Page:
Need Fence advise: Wood + Chain link

I need to replace the fence in my back yard. I currently have a 3' chain link fence and I intend to reuse the same post positions (8' span). Behind the fence, also on my property, are cedar hedges. My back yard is 50'x50' with one of the four sides being the house and gate.
I need to replace the fence because my dogs are escaping the yard. I've already replaced the gate with a wooden one 7' tall. I want to install a 7' fence around the entire yard (7' is my local residential maximum height). Because I have cedar hedges that I enjoy, I'd like to put in black or green chain link since the hedge will grown through it and make it effectively invisible. Our current fence is invisible because of this.
My first problem is the prices I'm being quoted for materials. Turns out that around here anything over 5' is pretty much commercial grade. That means steel posts and about 5x the cost of the residential stuff. I'm thinking that instead of using metal posts for the corner and line posts, I'd use wood. What do you think about using a 10' 4x4 buried 3' deep for a chain link fence post? I would make holes in the top to pass the top bar through and would attach the chain link with flat brackets and screws. Has anyone seen this type of installation before? As a bonus I could run an outdoor circuit and have a decorative lantern on every second post (the wife will find that purdy).
Second question is securing the posts. I live in Canada and the ground freezes during the winter. I'm thinking of digging the holes 3 1/2', fill with 3' of gravel, 3' of concrete then put in and brace the post and fill the rest of the hole with concrete. I'd also put the wooden post in a plastic liner so it doesn't make direct contact with the concrete and also mound the top to prevent water accumulation. Does that sound excessive or just about right? Would you suggest something different for the corner posts or line posts?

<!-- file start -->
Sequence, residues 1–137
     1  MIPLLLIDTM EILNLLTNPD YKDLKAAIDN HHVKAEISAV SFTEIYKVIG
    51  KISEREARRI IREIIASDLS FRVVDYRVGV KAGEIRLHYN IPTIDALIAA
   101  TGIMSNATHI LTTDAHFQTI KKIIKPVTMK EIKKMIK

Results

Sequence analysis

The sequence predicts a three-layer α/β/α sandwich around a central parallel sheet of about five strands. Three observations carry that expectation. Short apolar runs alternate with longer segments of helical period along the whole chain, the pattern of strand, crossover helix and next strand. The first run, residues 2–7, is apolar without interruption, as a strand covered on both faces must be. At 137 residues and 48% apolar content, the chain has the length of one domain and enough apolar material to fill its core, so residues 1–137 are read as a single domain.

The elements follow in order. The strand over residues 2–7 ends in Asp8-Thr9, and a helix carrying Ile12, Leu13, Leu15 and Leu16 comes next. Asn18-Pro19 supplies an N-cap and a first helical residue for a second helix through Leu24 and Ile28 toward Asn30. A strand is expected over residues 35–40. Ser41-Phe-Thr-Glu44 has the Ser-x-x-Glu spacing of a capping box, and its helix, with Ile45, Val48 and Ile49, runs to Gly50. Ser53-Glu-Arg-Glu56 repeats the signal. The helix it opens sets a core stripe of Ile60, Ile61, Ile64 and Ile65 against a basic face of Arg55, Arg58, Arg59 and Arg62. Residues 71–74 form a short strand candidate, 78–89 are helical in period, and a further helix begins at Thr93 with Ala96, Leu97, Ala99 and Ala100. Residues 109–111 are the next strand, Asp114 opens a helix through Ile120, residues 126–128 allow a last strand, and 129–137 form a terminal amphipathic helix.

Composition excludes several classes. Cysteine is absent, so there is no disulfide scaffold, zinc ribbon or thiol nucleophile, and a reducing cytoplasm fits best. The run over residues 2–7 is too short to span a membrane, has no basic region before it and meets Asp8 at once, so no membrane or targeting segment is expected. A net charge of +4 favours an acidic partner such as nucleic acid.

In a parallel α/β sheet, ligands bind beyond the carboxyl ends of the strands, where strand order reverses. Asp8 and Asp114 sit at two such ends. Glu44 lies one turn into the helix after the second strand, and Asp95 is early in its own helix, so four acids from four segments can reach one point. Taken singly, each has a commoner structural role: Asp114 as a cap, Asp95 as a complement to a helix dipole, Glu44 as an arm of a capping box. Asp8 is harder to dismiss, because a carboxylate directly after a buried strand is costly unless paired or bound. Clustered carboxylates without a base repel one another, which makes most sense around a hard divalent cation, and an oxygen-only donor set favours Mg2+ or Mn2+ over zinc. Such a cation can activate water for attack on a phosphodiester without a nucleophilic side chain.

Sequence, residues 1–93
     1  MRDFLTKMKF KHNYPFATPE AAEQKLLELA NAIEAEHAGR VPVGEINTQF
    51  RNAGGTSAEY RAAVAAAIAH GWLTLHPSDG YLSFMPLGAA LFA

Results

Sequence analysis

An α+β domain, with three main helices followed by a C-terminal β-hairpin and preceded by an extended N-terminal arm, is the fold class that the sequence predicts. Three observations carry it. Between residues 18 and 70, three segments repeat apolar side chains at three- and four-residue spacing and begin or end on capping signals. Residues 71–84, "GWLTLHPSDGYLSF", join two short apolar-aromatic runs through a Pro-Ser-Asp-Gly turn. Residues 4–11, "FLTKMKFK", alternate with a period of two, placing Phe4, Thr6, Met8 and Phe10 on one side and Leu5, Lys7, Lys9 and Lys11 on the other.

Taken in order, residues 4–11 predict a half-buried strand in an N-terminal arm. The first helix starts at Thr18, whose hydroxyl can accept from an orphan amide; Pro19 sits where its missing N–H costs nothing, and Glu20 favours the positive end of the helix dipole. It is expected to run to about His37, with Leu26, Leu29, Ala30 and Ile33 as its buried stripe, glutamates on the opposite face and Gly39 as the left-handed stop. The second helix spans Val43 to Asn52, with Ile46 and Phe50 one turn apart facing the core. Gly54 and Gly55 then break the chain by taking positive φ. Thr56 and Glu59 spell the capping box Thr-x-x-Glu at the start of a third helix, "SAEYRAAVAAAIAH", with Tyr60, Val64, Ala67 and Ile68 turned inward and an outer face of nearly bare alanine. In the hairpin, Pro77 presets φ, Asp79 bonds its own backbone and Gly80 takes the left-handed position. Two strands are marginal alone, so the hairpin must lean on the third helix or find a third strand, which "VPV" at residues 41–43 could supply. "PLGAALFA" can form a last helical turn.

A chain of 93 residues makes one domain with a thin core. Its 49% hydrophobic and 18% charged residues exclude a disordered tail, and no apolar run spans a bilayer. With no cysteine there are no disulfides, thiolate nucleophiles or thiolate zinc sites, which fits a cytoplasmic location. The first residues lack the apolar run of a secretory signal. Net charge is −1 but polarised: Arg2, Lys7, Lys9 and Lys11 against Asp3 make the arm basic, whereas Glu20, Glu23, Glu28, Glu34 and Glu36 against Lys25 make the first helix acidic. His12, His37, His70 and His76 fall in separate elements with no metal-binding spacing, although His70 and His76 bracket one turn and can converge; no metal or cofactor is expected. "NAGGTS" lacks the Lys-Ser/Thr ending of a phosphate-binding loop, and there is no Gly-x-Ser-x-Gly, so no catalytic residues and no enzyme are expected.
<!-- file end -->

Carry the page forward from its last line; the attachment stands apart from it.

Third question is how large would you dig the post holes? I'm not planning to use sonotube for these but would you go with a 6", 8" or 10" diameter hole?
Thanks!
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Jon wrote:

http://www.gallagherusa.com/permanent.component.aspx?mktprodid 44 http://www.electric-fence.com/Shop/shopframe.asp?Page=productcookies.asp&ProductIDV4
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Not what you want to hear. IMO, I would bite the bullet and do it properly or I would not do it all all.
Even if you mange after much frustration to make it work, what have you done for the resale value of your home?
What size dog needs a 7 foot fence???
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Colbyt
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Next door neighbor's dog a few years back. He's got is paws on a 4ft chain link fence. Note I am standing erect, I am reaching upward some and we are eye to eye. The cage in the background was when he was a "puppy" in the house at night. His heart was as big as him.
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Steel prices have gone through the roof the past couple of years. As for the posts, I'd either use the metal or not bother doing the job. My guess is the line posts may be OK for a few years, but the corner posts can be trouble with the tension on them. .
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: I need to replace the fence because my dogs are escaping the yard.
Get an electric or invisible fence.
bonnie
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Jon wrote:

If you already have sturdy metal posts, why replace them?
If they're not tall enough, get a larger diameter post to slip over the top, bolted to the existing pots. Couple of holes in each post/sleeve has got to be easier than replacing the existing configuration with something that's going to rot and fail in a few years.
If you INSIST on 4x4s, bolt THEM to the existing posts.
Heck, you don't even have to remove the existing fence! Add a 4' layer on top of the existing 3' fence.
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Heh... I said to myself, unless this guy has Huskys...

Mmm... no expertise, but it seems to me if frost is going to heave a post set 3', it will heave one set 3' and in c/c, and I'd rather deal with the former.

HeyBub seems to have some pretty good ideas... that I'd never have thought of until the job was done. -----
- gpsman
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I second the motion on re-using the existing posts, or possibly putting in new longer posts of the same kind (metal).
A couple years ago I took down a 4-foot high chainlink fence around my backyard. It had been there a good 20 years at least. The galvanized steel posts were simply driven into the ground. The buried parts were a little rusty, but nowhere near failing. Same for the rest of the fence -- really it was fine, just not as purdy as the wood fence I replaced it with. This is in Chicago, long winters, clay soil, lots of moisture. My point is the regular steel posts and chainlink wire seem to last a long time with little care. I doubt you'd get the same performance from wooden posts.
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